Let be a locally finite quiver without loops. Recall that a loop is an arrow such that . Let .
Definition 1. A pair is said to be a translation quiver iff the following holds:
is a bijection;
If and is a direct predecessor of , then the number of arrows from to is equal to the number of arrows from to .
If is a translation quiver then we will say that exists if and does not exist (or it is not defined) if .
Definition 2. If is a translation quiver, then a pair is called a translation subquiver if it is a translation quiver, is a full subquiver (http://planetmath.org/SubquiverAndImageOfAQuiver) of and whenever is a vertex in such that exists and belongs to .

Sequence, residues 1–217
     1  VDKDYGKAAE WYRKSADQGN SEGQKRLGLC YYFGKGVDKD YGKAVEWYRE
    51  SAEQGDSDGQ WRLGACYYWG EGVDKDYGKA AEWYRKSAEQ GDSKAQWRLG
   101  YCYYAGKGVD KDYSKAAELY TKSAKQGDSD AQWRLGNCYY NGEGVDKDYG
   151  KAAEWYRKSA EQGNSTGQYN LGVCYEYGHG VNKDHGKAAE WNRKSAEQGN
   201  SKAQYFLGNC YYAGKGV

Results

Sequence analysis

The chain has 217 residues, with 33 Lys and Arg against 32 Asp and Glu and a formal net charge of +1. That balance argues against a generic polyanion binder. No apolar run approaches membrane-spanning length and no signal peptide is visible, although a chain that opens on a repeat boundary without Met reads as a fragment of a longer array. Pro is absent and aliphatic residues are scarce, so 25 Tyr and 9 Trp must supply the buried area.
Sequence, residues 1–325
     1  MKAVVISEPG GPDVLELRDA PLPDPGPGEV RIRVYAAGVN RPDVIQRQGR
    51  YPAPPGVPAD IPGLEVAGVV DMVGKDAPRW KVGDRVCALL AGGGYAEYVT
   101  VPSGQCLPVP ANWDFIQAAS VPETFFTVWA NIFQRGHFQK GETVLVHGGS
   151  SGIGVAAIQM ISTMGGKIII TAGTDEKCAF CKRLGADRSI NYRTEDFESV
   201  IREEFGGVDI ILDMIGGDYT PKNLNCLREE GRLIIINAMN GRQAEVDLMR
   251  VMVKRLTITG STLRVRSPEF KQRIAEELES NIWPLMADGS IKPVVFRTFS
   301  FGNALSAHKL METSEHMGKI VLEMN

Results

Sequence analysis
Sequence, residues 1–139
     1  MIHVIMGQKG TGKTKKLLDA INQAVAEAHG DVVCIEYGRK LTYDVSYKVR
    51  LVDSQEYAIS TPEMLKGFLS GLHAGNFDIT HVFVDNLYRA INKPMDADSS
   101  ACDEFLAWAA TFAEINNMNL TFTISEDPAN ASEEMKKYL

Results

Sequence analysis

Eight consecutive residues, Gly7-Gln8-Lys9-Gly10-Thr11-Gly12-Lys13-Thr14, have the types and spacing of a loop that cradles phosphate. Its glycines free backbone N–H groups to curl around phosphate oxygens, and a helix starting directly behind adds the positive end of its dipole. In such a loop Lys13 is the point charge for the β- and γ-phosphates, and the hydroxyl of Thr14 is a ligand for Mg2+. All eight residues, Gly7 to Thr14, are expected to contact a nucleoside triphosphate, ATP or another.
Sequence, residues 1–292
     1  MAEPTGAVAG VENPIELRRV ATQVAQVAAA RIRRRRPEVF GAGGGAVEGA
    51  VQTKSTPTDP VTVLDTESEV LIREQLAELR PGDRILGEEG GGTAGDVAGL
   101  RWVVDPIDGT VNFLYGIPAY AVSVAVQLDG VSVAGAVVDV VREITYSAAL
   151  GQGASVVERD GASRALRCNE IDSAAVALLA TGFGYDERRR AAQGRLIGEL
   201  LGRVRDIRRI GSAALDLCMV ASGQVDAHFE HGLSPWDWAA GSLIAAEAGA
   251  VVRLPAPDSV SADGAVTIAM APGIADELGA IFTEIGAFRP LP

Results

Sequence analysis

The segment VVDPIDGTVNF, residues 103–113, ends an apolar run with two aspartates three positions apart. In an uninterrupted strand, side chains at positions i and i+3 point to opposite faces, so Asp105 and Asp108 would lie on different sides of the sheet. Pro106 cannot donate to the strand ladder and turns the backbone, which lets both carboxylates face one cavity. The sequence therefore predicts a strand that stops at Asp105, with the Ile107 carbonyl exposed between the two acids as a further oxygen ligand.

Example. Let be the following quiver:
If we put , and
then the pair is a translation quiver and
is its translation subquiver, where .
Remark. It is common to write translation quivers as in example. This means that is ,,oriented” to the right and in rows we have vertices such that ,,jumping” two places to the left gives us of this vertex. Note that in the example the vertex is not written in the same row as because is not (indeed, is not defined).
|Date of creation||2013-03-22 19:17:53|
|Last modified on||2013-03-22 19:17:53|
|Last modified by||joking (16130)|